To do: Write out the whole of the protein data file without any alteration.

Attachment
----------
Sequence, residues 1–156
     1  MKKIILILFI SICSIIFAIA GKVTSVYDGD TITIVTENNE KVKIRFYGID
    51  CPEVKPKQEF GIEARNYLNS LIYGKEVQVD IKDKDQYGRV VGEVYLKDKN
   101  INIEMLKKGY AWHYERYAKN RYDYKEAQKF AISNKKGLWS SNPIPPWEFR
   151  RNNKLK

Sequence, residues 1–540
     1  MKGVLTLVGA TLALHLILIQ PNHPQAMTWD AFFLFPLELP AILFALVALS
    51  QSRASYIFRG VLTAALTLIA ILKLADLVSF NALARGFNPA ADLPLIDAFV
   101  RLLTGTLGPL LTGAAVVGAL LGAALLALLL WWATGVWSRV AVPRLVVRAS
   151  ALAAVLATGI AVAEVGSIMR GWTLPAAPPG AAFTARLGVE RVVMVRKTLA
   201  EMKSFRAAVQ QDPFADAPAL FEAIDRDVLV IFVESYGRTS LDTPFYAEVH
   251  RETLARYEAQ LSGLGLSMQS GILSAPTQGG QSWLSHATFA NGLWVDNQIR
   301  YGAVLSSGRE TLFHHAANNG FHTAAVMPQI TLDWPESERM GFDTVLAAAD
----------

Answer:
Sequence, residues 1–156
     1  MKKIILILFI SICSIIFAIA GKVTSVYDGD TITIVTENNE KVKIRFYGID
    51  CPEVKPKQEF GIEARNYLNS LIYGKEVQVD IKDKDQYGRV VGEVYLKDKN
   101  INIEMLKKGY AWHYERYAKN RYDYKEAQKF AISNKKGLWS SNPIPPWEFR
   151  RNNKLK

Sequence, residues 1–540
     1  MKGVLTLVGA TLALHLILIQ PNHPQAMTWD AFFLFPLELP AILFALVALS
    51  QSRASYIFRG VLTAALTLIA ILKLADLVSF NALARGFNPA ADLPLIDAFV
   101  RLLTGTLGPL LTGAAVVGAL LGAALLALLL WWATGVWSRV AVPRLVVRAS
   151  ALAAVLATGI AVAEVGSIMR GWTLPAAPPG AAFTARLGVE RVVMVRKTLA
   201  EMKSFRAAVQ QDPFADAPAL FEAIDRDVLV IFVESYGRTS LDTPFYAEVH
   251  RETLARYEAQ LSGLGLSMQS GILSAPTQGG QSWLSHATFA NGLWVDNQIR
   301  YGAVLSSGRE TLFHHAANNG FHTAAVMPQI TLDWPESERM GFDTVLAAAD